Thunderstorms may cause natural fireworks and delays to pyrotechnics in parts of the Plains and Southeast for Fourth of July celebrations in the evening.
"Fireworks displays scheduled for Tuesday evening in the major cities of Washington, D.C., St. Louis, Minneapolis, Atlanta and Nashville, Tennessee, to name a few, will be at risk for thunderstorm activity," according to AccuWeather Senior Meteorologist Kristina Pydynowski.
Even where storms erupt and leave prior to fireworks in some of these areas and others from the Plains to part of the Mississippi Valley and Southeast states, calm winds and moisture could lead to poor visibility, due to fog.
Areas at greatest risk for enough shower and thunderstorm activity to postpone fireworks will include portions of Missouri, western Arkansas, eastern Kansas, eastern Oklahoma, southern Virginia and northern North Carolina. Some of the storms over the central Plains may be severe.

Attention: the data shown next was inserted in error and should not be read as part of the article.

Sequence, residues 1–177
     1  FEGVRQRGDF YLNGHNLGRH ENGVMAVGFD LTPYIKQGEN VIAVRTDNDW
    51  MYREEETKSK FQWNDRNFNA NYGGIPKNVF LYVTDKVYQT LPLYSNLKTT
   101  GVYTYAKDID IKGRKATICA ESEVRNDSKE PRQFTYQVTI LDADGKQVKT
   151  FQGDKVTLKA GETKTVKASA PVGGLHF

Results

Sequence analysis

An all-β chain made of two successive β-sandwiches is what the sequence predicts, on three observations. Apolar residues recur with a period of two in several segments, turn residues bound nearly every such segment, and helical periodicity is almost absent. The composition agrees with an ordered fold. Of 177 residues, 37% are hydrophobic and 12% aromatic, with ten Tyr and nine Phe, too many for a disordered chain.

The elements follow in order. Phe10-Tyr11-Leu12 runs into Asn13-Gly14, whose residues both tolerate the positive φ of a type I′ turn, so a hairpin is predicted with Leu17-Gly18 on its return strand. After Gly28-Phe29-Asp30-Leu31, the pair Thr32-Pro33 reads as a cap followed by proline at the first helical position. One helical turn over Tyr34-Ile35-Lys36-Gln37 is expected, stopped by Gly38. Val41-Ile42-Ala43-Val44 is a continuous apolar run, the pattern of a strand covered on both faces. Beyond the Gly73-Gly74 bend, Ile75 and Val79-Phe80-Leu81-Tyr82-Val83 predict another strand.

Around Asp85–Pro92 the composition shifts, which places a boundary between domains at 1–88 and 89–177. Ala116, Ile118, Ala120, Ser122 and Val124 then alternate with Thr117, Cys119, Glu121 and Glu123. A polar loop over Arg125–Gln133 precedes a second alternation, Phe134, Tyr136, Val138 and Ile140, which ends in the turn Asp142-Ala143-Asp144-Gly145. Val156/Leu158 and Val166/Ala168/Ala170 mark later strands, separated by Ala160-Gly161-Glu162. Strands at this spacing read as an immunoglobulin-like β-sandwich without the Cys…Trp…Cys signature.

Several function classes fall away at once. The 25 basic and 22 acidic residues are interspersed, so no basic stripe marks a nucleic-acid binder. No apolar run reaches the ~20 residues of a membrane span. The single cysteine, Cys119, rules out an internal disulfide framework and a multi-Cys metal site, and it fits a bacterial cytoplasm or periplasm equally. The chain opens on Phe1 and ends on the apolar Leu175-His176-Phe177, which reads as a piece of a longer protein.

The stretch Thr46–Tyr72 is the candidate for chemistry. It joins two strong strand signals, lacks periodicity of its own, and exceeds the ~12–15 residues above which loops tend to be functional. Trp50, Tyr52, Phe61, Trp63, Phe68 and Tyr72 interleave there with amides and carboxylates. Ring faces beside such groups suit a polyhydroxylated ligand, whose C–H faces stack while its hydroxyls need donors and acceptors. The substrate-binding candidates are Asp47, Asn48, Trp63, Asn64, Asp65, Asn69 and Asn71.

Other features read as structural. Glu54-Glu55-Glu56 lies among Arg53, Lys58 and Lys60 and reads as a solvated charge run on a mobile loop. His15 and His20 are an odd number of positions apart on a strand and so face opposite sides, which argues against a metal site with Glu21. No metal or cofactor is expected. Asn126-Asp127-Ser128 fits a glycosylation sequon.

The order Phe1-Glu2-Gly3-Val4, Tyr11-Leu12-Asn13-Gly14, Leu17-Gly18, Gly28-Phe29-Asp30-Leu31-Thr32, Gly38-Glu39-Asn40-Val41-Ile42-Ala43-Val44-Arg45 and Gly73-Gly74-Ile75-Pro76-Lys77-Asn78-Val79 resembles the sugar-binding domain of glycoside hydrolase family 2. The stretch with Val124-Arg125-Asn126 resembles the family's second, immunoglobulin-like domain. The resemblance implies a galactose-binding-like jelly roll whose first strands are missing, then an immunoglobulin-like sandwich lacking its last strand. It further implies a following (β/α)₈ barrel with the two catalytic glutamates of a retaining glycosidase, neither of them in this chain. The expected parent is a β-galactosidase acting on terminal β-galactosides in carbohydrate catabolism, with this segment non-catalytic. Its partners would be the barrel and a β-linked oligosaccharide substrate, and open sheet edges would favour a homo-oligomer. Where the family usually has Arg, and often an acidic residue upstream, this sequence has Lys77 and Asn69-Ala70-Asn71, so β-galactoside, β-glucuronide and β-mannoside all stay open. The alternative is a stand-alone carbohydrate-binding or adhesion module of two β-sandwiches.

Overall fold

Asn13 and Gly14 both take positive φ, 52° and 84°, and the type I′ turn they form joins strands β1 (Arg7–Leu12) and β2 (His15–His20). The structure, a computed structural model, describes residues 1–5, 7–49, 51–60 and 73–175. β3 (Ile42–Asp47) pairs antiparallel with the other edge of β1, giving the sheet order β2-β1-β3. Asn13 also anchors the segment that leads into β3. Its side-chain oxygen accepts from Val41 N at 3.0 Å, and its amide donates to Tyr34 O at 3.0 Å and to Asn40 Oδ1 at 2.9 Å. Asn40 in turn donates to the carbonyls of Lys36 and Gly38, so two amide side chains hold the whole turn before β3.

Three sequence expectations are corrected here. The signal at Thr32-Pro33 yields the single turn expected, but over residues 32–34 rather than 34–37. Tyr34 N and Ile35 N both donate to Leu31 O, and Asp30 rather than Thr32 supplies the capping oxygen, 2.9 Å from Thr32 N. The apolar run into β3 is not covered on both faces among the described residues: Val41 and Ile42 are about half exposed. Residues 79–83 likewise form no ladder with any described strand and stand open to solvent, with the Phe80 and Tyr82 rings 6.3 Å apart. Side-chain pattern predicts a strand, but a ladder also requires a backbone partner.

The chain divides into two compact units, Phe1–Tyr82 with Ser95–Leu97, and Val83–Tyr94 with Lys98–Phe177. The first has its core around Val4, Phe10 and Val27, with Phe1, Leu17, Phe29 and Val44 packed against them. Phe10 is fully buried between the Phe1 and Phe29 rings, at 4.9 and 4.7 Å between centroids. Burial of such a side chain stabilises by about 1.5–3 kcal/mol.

Another location with a greater chance of multiple downpours Tuesday evening will be centered on part of the southern Appalachians.
However, most storms in the Deep South will be spotty in nature.
"Much of the western and the northeastern U.S. can expect excellent visibility, due to low humidity and a mainly clear sky," Pydynowski said. "A slight breeze is ideal for fireworks viewing to carry away smoke."
Tuesday evening fireworks in Boston, New York City, Philadelphia, Pittsburgh, Chicago, Houston, Denver, Las Vegas, Seattle, San Francisco, Los Angeles, San Diego and Addison, Texas, should not have interference from the weather.
The Northeast and immediate Pacific coast areas will have the most comfortable conditions. However, some people who mind the cool air may need to bring a light jacket in upstate New York and northern New England.
To reduce the risk of personal injury and fire from consumer fireworks, people should read instructions closely on consumer fireworks and follow proper safety precautions.
In a report from the Consumer Product Safety Commission, more than 11,900 firework-related injuries were reported in 2015. Between 2001 and 2016, on average, there were about seven fatalities per year related to fireworks.
There will be an elevated risk of wildfires over much of the western U.S. due to recent and ongoing heat and dry brush conditions.